Being Banned: An Inside Islam recap


The Islamic Center is Murfreesboro, TN. Photo: tennessean.com

The Islamic Center in Murfreesboro, Tennessee, is in the news again. The last time Inside Islam covered the center, it had been delayed on a procedural technicality. Most recently, a federal judge overruled that decision, and the center is expected to open sometime this month, hopefully in time for Eid ul-Fitr at the end of Ramadan.

This development gives us an opportunity to reflect on similar stories that we have covered over the years. Rather than an isolated case of pushback against Islam, the Murfreesboro debate is just one example of attempts to ban or otherwise stifle expressions of faith. As I went through the Inside Islam archives, it really struck me what a monumental torrent of hate and Islamophobia Muslims are up against.

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Islam in France


Praying in the streets was banned in France in 2011. Photo: Bbc.co.uk

A recent article in National Geographic speculates that Marseilles may become the first city in Europe with a majority Muslim population. Official statistics are unavailable, but experts estimate that about 30 percent of the southeastern French city is Muslim.

Although the city is known for its tolerance, France as a whole is not, especially when it comes to its Muslim population. The country is home to about 6 million Muslims (the largest number in Western Europe), and is known for its bans on burqas, niqab, and for considering banning halal meat. Praying in the streets was also banned in 2011. At the end of 2011, the French Council of the Muslim Faith, an umbrella organization for various Muslim groups, released a study saying Islamophobia is on the rise in the country.

I spoke with John Bowen, Professor of Anthropology at Washington University in St. Louis about Islam in France. Bowen is the author of Can Islam be French? Pluralism and Pragmatism in a Secularist State. Continue reading

The Debate Over Music

Duff/Daff (Source: chandrakantha.com)

One of the controversial topics that Muslim scholars have debated throughout Islam’s history is whether music and singing are halal (permissible) or haraam (forbidden). As I mentioned in an earlier post on the singer and songwriter Maher Zain, Muslims vary in their opinions on music. Since this topic has been extensively discussed and most of the opinions either way can be very lengthy, in this post I will just summarize some of the key points on the contention over the issue of music and singing. Continue reading

Banning Halal Meat?

Muslims in the United Kingdom have a new challenge facing them. Following attempts by other European nations like France, some British politicians have called for a ban on any meat that comes from an animal which has not been stunned before slaughter. Thus, the ban affects halal (sometimes also called dhabiha or zabiha) and kosher meats.

According to supporters of the ban, the manner in which Muslims and Jews traditionally slaughter is more painful to the animal than stunning the animal first and then slaughtering it. As in the Jewish tradition, Muslims have a particular manner in which they must slaughter an animal. The animal’s throat is slit to induce quick bleeding to reduce suffering. In order to do this, Muslims are instructed to make sure that the knife is sharpened. Also, in order to be as humane as possible, the knife should not be sharpened in front of any animals and one animal should not be slaughtered in front of another. Continue reading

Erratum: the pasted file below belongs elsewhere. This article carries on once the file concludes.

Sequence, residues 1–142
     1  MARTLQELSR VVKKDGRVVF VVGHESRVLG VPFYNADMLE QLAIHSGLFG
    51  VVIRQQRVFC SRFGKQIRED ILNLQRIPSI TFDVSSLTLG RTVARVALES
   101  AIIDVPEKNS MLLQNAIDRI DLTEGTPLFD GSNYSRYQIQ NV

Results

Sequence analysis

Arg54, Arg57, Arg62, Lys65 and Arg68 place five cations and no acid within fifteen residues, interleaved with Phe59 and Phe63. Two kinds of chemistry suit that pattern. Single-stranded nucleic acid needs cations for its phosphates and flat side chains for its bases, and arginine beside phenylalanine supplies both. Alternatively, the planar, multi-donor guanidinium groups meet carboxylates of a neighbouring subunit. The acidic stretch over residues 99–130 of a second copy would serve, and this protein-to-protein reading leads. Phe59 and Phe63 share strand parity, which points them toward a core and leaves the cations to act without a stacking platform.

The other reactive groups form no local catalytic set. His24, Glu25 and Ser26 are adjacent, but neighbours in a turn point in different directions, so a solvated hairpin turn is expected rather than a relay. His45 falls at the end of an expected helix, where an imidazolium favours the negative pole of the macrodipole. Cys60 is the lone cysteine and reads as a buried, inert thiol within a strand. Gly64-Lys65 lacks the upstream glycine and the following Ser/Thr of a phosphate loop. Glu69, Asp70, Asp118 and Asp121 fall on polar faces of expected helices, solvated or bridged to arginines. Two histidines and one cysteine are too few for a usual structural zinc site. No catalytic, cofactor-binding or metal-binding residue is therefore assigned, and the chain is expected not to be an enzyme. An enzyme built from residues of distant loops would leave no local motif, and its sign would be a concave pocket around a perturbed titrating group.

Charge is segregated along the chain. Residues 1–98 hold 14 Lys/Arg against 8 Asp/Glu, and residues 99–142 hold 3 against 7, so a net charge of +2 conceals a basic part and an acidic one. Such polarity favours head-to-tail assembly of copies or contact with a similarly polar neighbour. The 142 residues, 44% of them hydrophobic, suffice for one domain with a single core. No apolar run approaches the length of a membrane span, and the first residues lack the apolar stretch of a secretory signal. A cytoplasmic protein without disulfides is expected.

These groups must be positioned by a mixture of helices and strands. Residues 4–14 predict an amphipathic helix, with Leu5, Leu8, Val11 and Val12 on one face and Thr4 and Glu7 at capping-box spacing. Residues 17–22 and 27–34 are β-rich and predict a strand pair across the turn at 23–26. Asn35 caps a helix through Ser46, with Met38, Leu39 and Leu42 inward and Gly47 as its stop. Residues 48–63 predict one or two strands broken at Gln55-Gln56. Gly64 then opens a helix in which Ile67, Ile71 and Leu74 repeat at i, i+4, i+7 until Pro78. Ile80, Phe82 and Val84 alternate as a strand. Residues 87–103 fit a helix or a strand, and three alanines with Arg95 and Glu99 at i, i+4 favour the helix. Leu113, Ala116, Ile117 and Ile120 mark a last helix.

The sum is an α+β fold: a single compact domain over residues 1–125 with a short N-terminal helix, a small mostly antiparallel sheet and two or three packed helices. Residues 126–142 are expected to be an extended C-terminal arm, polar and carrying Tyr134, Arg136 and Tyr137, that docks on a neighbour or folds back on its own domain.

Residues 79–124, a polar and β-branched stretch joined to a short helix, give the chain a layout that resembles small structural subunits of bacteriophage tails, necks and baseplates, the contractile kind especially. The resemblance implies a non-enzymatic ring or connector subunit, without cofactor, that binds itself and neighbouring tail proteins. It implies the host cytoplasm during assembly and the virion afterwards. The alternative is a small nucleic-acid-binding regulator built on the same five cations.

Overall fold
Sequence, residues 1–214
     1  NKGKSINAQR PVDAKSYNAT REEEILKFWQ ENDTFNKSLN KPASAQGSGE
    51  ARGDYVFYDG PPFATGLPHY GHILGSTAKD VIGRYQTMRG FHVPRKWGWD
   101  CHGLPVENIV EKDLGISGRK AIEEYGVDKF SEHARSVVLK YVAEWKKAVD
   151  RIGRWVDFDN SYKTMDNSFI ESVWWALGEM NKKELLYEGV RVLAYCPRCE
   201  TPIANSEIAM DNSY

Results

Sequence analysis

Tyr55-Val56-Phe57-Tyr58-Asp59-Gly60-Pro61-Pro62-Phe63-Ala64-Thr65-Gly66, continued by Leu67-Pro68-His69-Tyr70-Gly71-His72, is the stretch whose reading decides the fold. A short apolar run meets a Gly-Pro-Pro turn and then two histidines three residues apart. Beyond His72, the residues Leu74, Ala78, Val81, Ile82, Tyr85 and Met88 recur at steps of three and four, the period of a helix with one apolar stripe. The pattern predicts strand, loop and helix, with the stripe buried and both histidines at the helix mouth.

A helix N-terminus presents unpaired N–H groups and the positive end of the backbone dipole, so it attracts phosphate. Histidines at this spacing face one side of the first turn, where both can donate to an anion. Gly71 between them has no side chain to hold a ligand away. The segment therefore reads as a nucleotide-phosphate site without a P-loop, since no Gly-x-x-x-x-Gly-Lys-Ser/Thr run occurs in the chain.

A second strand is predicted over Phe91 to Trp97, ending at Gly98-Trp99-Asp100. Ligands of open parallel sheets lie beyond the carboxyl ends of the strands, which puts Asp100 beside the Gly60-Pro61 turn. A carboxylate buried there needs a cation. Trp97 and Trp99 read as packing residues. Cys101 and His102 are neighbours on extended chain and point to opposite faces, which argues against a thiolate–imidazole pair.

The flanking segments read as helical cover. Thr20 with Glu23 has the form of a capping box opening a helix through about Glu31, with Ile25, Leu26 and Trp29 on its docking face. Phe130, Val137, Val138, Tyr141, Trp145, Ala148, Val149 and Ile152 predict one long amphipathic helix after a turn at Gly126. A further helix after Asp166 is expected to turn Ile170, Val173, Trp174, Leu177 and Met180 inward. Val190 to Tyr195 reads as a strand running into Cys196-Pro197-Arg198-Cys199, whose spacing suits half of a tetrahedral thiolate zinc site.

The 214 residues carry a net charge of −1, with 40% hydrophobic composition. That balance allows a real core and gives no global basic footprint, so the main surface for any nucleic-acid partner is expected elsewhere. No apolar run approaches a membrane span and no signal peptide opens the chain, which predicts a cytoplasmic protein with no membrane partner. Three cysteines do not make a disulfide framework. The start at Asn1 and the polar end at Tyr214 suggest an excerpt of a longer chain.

Muslims and Jews in America: The Most American of All?

Muslim and Jewish students at a recent co-existence dinner at the University of Wisconsin. Photo: Muslim Jewish Volunteer Initiative

On college campuses where significant numbers of Muslims and Jews study, it may not be surprising to find that they have negative perceptions of one another. To characterize the overall dynamic between these two groups as tense is generally not accurate–there have been a number of service-based/interfaith dialogue initiatives between them–but the reality is that many students from both groups have been raised in environments that instil deep distrust for one another, sometimes bordering on hatred. And this is despite the fact that Muslims and Jews have shared more common experiences with each other living in a Christian-dominant US than with any other group.  Continue reading

Muslim American Consumer Market Emerging

Lisa Mabe is the Founder and Principal of Hewar Social Communications, a consultancy focusing on Muslim and Middle Eastern consumer markets. Follow Lisa on Twitter @LisofArabia or go to www.hewarcommunications.com.

As we’re about to enter America’s largest annual shopping season, Muslim Americans just finished one of their biggest gift-giving seasons themselves – Eid al Adha. Most Americans are accustomed to seeing “Merry Christmas” and “Happy Hanukah” in store windows during this time of year, but what would they think if they saw “Eid Mubarak” in their favorite store? It’s not that far off, and some companies are already reaching out to Muslim consumers around Islamic holidays where gift-giving is prevalent.

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“Islam in China” Webzine

Muslim Cook in Yunan (via Islam in China)

Muslim Cook in Yunan (via Islam in China)

Earlier this month, Islam in China was introduced to the blogosphere as a way to learn about all things Muslim and Islamic in Chinese culture. Points of interest are the journal of an American Muslim in China, as well as the upcoming interviews with Chinese Americans. The site was born out of a popular blog, started in 2007, under the same name.

Are their similar sites that clear up misconceptions about Muslim communities in other countries? Will you point them out here on Inside Islam? Please leave a link in the comments section or send us an email about the site.